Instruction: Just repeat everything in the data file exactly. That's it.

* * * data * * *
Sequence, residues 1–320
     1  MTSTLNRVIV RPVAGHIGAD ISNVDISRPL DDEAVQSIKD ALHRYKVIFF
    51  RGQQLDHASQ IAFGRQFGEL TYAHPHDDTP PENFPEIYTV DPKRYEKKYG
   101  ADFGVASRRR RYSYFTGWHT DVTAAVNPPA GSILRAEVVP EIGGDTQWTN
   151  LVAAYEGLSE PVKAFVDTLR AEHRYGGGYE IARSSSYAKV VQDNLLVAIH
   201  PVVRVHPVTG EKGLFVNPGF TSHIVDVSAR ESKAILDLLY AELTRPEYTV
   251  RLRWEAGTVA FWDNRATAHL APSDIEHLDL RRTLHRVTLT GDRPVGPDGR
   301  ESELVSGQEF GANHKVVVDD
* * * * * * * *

Sequence, residues 1–320
     1  MTSTLNRVIV RPVAGHIGAD ISNVDISRPL DDEAVQSIKD ALHRYKVIFF
    51  RGQQLDHASQ IAFGRQFGEL TYAHPHDDTP PENFPEIYTV DPKRYEKKYG
   101  ADFGVASRRR RYSYFTGWHT DVTAAVNPPA GSILRAEVVP EIGGDTQWTN
   151  LVAAYEGLSE PVKAFVDTLR AEHRYGGGYE IARSSSYAKV VQDNLLVAIH
   201  PVVRVHPVTG EKGLFVNPGF TSHIVDVSAR ESKAILDLLY AELTRPEYTV
   251  RLRWEAGTVA FWDNRATAHL APSDIEHLDL RRTLHRVTLT GDRPVGPDGR
   301  ESELVSGQEF GANHKVVVDD